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Computational Science and Engineering

Changing the Face of Scientific Inquiry

Rensselaer researchers are developing methods that let scientists and engineers create and use computer models of complex multiscale phenomena.

Such tools are increasingly necessary to solve many of the open biomedical and engineering problems in which the behaviors of interest are dictated by interactions at multiple length and time scales.

Understanding the human cardiovascular system, for example, requires prediction of the flow through the arteries and veins. The endothelial cells that line the arteries respond to the varied flow (pressure and shearing force). These changes, in turn, can be traced to genetic actions within the cells.

Biomedical researchers hoping to use a computer model to learn more about causes and potential cures of cardiovascular diseases, therefore, need a model that simulates the behavior and interaction of all these size levels over time. Similarly, materials scientists working with new nanophase materials need models that simulate macro-level behaviors which are dictated by properties that must be determined via atomic level calculations that are coupled to the macro-level fields.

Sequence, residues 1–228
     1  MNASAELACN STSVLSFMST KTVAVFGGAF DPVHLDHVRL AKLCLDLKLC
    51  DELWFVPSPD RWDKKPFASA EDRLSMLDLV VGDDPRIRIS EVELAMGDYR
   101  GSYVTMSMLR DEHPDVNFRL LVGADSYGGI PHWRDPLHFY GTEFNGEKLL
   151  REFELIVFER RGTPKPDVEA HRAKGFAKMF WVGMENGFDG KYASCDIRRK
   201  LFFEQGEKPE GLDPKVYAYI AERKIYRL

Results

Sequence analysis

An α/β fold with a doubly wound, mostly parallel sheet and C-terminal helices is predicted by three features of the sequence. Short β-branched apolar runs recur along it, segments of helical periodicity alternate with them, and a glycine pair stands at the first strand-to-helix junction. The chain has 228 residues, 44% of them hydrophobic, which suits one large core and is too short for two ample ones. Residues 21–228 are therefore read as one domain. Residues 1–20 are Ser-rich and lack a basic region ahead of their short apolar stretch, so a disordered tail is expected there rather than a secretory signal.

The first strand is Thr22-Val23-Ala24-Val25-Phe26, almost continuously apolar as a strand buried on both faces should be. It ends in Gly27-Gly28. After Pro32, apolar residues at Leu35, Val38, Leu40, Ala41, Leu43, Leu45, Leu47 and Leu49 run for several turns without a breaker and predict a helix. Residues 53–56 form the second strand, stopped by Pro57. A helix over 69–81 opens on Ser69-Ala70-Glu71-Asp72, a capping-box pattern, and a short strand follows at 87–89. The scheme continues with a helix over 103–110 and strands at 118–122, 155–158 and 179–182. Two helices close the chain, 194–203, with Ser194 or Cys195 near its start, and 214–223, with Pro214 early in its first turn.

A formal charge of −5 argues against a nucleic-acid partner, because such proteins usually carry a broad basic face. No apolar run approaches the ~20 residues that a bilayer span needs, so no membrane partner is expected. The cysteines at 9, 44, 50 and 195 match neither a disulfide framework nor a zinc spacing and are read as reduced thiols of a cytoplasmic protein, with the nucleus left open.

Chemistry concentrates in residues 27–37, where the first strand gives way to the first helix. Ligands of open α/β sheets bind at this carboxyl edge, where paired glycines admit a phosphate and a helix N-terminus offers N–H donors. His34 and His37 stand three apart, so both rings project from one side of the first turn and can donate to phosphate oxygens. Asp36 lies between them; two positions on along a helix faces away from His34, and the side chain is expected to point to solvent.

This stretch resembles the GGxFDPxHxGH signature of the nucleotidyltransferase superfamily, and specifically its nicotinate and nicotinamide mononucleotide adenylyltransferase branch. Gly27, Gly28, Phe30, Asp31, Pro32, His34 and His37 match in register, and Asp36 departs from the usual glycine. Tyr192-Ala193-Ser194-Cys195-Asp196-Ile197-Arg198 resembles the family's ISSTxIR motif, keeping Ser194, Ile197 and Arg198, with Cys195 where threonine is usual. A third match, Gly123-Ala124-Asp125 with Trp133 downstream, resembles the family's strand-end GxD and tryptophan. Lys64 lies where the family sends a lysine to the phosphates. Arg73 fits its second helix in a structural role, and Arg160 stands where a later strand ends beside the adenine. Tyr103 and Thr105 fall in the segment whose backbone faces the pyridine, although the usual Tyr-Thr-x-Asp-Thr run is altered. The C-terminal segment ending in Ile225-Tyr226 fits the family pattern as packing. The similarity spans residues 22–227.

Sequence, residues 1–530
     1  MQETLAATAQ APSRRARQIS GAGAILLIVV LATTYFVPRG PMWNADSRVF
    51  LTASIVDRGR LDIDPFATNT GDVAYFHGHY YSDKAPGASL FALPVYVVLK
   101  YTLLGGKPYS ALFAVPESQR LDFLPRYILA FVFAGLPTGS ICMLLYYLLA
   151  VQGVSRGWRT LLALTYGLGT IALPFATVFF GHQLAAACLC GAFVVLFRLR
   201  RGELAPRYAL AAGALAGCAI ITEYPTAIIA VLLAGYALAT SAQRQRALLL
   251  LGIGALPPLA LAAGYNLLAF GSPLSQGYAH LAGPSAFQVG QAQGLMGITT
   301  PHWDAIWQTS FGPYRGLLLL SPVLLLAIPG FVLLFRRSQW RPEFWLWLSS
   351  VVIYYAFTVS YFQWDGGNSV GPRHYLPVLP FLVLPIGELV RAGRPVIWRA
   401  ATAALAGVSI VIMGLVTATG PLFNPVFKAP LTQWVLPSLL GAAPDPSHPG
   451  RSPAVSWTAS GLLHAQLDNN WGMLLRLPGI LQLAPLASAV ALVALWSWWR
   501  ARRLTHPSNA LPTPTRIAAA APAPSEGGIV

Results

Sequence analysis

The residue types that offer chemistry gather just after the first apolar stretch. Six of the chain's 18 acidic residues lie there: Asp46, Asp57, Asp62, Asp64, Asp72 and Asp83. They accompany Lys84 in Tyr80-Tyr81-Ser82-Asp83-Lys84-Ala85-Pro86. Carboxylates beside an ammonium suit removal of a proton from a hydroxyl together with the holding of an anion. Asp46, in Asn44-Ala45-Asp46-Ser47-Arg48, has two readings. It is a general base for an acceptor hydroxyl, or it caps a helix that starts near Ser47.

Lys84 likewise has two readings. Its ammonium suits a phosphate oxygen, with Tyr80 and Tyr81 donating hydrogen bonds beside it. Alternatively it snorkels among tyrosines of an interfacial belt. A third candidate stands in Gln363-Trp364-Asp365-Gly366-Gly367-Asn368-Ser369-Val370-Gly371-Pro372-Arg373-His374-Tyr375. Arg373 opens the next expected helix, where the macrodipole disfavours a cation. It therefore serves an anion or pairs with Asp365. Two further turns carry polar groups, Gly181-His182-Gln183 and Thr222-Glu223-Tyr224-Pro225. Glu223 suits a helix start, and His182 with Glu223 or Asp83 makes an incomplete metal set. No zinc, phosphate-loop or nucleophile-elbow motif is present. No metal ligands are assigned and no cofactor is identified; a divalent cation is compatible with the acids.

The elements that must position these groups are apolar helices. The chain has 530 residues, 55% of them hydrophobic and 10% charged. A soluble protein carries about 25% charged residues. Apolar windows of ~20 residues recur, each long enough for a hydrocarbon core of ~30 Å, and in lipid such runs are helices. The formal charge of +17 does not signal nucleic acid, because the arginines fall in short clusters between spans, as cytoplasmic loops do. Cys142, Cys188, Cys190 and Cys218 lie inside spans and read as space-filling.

Members of Rensselaer’s Scientific Computation Research Center (SCOREC) have built an international reputation for their creation of adaptive finite element modeling and other techniques that make it possible to solve such complex engineering problems.

Now they are working with collaborators across the campus and the country to extend these methods to complex multiscale models that track interactions at many lengths and time scales.

The models they are building will look, for example, at all of the interactions in a human knee: a macro-model of the engineering stresses on the joint, another model to look at the tissue, a third to consider what is happening within individual cells, and a fourth to simulate the genetic changes within the cells.

The goal is automated tools that have enough speed, cost-efficiency, user friendliness, and accuracy to make them useful for doctors, engineers, and scientists who are not themselves experts in computer modeling.

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